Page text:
Today I am highlight a story that focuses on a well known poet, the late Usman Awang from the eyes her daughter Haslina Usman. This interview appeared on Friday June 14 … two days away from June 16 which is father’s day.
Headline: A Daddy Girl
By Bissme S
THERE is a saying that no man can love a girl the way her own father does and Haslina Usman can testify to this.
The way she talks about her father, the national laureate, and late Datuk Usman Awang, one can see that he had been a great influence in her life. One of her most beautiful memories of her father was the many conversations they had on the swing in the garden of their home.
"He was the first person who exposed me to the world of arts," says the eldest child of the well known poet and writer.
"He took me to my first ballet performance and my first art exhibition. He would always ask for my opinions and my views on what I had seen and heard."
Another beautiful memory was when her dad watched her perform the traditional Malay dance performance called Puteri Sadong.
"I was so proud to have my father in the audience," says Haslina who now runs a bakery business called Cakes By Lyna.
"He always made a point to be there when his children needed him, no matter how busy he was."
From the late 60s to the early 70s, her dad was constantly travelling to various countries in Europe and America, as a guest poet and a writer.
"I was just a kid then, and I missed him very much whenever he was away," she recalls. "He missed me, too so he would send me postcards where ever he went. I loved rings and I would ask him to get me rings that reflected the culture of the countries that he had visited.
"Dad would take the trouble just to fulfil my request. Once, he even went to a Red Indian settlement in America, just to get a ring for me."
When Haslina was a teenager, her father would keep a hawk eye on her movements.
"My two brothers enjoyed greater freedom than I, and I was angry at my father for treating us differently," she says.
"Looking back now, I understand his reasons better. Fathers are always over protective of their daughters compared to their sons because they do not want anything unforeseen to happen to them, being girls. He was just looking out for me."
Strangely enough, Usman never wanted any of his four children to follow in his footsteps to become a poet or a writer.
"He always told us that a writer's life is a difficult life, and that he did not want any of us to have that kind of life," she says.
Since her father passed away in 2001, Haslina has been writing poems. But she has no intention of publishing her works.
"My works are not important," she says. "What is important is that I keep my father's legacy alive."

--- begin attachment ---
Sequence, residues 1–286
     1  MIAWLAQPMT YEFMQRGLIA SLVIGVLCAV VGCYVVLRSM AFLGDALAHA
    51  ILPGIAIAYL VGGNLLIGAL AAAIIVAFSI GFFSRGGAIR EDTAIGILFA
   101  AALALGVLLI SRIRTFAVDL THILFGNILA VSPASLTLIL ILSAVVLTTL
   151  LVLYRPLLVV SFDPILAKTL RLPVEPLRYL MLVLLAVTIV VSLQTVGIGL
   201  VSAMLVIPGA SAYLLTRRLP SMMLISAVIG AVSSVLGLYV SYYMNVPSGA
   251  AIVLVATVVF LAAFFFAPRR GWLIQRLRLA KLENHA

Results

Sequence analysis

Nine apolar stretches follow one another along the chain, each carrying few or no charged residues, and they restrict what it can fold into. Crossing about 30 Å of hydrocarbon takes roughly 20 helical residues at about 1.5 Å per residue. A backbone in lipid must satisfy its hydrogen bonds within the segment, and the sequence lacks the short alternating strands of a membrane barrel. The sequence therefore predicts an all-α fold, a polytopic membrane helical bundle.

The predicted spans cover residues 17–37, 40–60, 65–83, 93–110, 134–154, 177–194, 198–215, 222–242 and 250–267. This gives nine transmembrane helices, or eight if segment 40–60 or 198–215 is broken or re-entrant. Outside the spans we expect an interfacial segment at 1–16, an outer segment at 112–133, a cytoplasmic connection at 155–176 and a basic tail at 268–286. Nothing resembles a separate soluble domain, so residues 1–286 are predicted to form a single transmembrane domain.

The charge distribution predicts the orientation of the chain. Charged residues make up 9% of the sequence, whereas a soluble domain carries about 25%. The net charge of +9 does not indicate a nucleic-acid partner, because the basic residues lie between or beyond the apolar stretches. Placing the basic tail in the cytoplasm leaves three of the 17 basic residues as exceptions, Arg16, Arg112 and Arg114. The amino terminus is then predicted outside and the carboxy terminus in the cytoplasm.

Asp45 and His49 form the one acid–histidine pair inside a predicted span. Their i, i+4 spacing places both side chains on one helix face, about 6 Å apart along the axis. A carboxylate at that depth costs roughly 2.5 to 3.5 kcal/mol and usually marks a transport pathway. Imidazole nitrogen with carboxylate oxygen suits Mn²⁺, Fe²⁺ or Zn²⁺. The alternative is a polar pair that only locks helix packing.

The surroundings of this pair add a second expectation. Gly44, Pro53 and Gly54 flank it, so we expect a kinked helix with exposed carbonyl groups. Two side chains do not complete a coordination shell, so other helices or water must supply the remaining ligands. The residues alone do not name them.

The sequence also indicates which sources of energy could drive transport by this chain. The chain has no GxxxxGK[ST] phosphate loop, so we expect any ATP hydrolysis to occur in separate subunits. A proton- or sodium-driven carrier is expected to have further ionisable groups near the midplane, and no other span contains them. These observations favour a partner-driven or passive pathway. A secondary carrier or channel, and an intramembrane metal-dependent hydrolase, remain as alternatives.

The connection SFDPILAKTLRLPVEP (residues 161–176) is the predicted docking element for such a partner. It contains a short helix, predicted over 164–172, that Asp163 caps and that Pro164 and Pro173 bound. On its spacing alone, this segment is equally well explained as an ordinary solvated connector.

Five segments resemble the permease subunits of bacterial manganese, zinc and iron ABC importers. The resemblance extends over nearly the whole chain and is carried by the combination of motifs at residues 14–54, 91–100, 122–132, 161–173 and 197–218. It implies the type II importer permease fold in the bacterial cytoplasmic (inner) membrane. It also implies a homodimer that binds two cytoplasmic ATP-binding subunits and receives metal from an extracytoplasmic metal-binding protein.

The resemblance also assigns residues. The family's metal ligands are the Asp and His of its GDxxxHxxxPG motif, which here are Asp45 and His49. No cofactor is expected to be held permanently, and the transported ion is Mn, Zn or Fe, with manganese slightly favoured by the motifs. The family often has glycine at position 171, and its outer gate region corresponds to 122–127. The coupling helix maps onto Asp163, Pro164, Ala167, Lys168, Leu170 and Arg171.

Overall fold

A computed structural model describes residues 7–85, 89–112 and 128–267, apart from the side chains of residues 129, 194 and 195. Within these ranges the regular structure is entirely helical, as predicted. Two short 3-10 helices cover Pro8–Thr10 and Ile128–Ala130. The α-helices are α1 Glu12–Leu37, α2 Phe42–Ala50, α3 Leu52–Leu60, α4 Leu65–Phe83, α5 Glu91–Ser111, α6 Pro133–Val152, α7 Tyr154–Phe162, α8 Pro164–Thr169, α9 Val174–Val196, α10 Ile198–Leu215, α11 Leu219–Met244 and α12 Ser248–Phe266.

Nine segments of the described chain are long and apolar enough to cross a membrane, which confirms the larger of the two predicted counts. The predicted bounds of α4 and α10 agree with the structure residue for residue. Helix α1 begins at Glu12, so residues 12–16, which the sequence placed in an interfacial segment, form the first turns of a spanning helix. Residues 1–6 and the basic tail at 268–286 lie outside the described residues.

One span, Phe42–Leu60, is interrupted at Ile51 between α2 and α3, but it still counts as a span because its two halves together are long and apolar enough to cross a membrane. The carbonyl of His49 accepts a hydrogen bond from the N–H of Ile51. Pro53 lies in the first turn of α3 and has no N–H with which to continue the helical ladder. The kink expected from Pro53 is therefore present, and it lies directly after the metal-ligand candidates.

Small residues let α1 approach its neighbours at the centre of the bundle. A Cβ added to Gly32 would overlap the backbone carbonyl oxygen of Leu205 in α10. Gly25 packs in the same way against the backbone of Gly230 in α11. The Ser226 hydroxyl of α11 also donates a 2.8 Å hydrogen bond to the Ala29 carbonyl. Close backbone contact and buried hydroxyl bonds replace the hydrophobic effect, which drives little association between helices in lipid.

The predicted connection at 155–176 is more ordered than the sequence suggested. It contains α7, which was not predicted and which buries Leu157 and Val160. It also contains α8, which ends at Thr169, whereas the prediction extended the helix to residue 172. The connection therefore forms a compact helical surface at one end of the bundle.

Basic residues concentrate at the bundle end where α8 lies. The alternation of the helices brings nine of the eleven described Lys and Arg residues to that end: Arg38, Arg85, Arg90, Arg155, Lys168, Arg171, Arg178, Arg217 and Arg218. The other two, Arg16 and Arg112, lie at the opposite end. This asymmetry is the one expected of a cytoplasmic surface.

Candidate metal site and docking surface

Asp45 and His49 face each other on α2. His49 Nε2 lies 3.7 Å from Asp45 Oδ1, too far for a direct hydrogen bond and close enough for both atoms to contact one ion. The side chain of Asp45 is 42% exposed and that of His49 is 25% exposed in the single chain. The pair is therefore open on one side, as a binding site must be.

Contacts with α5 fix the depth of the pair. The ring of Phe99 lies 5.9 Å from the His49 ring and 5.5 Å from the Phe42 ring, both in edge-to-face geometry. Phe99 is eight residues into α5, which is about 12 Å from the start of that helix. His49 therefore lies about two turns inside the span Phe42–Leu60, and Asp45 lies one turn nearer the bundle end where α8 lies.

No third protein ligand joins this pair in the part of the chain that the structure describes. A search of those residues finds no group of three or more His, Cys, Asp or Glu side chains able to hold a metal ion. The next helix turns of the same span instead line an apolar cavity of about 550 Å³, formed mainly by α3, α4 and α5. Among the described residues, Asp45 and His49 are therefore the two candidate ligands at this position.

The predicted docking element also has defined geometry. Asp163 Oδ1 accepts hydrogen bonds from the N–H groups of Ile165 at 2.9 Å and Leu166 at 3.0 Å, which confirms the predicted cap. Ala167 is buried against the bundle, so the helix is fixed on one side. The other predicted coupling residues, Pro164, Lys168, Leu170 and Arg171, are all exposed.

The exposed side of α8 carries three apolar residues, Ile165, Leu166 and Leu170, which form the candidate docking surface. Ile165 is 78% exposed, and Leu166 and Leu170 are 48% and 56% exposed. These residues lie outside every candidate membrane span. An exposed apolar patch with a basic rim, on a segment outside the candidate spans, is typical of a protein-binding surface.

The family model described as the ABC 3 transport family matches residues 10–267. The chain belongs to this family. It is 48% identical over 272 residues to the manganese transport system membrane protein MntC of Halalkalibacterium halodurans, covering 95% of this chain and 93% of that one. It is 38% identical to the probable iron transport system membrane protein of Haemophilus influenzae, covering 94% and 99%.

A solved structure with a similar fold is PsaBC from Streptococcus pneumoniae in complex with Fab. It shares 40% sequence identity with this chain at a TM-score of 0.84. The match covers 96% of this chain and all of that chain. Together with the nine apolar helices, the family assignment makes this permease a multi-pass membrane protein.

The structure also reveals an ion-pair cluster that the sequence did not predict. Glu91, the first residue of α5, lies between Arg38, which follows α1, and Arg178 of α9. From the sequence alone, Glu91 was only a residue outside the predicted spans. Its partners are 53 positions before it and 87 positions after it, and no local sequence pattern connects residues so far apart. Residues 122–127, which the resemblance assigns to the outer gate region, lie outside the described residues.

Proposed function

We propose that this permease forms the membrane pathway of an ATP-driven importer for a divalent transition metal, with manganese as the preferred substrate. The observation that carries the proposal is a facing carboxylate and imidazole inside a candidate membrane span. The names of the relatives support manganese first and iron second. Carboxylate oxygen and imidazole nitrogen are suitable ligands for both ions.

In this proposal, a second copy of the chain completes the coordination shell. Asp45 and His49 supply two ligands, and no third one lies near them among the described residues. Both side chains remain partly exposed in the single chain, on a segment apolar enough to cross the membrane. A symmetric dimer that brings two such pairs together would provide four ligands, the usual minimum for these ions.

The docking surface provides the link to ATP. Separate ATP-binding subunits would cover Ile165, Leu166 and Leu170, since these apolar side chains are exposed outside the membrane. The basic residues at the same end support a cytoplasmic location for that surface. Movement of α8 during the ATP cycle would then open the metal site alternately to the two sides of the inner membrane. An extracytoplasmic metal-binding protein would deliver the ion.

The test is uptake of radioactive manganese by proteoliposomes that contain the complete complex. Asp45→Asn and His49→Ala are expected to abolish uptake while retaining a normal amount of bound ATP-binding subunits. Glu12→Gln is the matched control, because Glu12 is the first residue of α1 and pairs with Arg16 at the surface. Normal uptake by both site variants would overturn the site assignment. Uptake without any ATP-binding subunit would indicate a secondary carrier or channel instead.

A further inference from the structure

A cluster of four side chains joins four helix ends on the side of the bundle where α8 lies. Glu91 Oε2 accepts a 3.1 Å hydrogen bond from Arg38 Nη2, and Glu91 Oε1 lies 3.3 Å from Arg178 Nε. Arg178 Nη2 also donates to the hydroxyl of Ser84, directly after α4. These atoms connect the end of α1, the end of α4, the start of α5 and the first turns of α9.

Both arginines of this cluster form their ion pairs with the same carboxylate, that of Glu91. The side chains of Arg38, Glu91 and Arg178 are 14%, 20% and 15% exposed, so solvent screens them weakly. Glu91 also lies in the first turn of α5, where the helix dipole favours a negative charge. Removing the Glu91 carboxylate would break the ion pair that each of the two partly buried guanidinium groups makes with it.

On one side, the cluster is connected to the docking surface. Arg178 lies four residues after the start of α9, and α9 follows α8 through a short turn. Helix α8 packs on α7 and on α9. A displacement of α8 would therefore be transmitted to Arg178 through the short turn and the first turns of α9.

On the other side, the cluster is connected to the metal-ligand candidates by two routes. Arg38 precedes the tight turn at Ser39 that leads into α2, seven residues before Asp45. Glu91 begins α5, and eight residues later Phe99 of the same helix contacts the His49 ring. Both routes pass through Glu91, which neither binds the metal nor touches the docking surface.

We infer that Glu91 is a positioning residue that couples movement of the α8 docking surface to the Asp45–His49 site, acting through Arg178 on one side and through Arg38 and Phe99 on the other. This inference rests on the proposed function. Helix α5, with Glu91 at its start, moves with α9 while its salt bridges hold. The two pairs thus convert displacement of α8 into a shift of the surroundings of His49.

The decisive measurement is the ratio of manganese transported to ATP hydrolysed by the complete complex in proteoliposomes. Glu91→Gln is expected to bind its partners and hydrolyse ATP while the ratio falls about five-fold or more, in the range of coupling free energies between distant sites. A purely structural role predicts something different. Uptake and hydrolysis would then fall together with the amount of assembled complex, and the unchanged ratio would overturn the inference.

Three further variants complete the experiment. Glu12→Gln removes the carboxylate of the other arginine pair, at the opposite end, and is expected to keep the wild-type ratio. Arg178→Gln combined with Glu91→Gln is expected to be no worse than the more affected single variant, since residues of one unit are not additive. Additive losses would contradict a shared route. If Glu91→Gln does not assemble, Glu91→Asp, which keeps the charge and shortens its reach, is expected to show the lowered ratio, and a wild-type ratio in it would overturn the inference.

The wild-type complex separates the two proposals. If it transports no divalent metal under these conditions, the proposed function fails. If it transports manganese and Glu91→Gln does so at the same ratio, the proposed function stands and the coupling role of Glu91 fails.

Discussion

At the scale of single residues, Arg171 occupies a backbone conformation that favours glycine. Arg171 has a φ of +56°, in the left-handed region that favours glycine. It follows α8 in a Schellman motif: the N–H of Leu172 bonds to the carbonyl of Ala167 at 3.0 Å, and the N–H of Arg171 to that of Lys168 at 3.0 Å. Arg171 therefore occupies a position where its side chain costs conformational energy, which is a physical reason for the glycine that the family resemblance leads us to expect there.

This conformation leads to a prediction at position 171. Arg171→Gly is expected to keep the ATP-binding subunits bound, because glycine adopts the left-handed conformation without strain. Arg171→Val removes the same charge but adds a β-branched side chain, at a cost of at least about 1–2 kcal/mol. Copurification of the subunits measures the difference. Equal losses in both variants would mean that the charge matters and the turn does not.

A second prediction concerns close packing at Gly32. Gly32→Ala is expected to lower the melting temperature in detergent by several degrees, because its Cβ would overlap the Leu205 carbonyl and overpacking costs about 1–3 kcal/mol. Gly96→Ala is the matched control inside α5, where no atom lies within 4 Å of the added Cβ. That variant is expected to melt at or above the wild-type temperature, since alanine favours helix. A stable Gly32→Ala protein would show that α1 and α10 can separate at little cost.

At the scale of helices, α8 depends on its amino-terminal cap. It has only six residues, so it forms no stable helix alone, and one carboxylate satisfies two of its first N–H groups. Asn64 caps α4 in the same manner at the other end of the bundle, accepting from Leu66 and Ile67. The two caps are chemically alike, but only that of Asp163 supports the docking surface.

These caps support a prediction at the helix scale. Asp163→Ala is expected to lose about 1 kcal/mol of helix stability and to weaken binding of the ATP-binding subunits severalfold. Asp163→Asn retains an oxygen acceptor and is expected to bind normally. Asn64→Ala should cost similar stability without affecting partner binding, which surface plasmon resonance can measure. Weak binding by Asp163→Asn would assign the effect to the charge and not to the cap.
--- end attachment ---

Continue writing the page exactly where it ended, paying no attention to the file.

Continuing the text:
She has taken over the publishing company - UA Enterprises Sdn Bhd - that her father had set up in the 70s. The objective of the company is to promote her father's works which comprise of more than 300 poems and 100 short stories.
She is utterly sad to learn that younger generations have a vague idea of who her father was.
"My father has contributed a lot to the literary world and I did not want him to fade away," she says.
As part of reaching out to the young and hip readers, she has collaborated with Fixi publication to publish Yang Nakal-Nakal which features her father's works - 17 short stories and eight poems. The book will be officially launched and sold this Sunday, June 16 at 2pm at The Annexe Gallery, Central Market.
"Fixi has a steady set of young loyal readers who are always buying books that they published, she says, eager to expose this new generation of readers who might not have heard of her father.
Her other project is to publish another book entitled Kekasih featuring 40 of her late father's poems. She is also getting visual artists to translate her father's poems into art.
"It will be their interpretation of my father's work," she says.
If everything goes well, Kekasih will be launched at an event known as Hari Usman Awang on July 20. For this event, Haslina will be collaborating with two artistic bodies - Sebudi and Kelab Athma Jiwa.
She cited the pillar of strength in her father's life to be her mother. When her mother passed away in 1999 from an asthma attack, her father was not the same person any more.
"My mother's death was really unexpected," Haslina says.
"Dad did not have the mood to write after that. He became very sick without my mum around and his health deteriorated further."
Three years later, on Nov 29, 2001, Usman finally succumbed to heart complications.
When asked to name one thing that many people do not know about her father, Haslina laughs and says: "During his last days, when he was sick, my father loved to watch cartoons with my two children. One of his favourite cartoons was Tom & Jerry. It was nice to see him laugh."
The cover of the book that was recently launched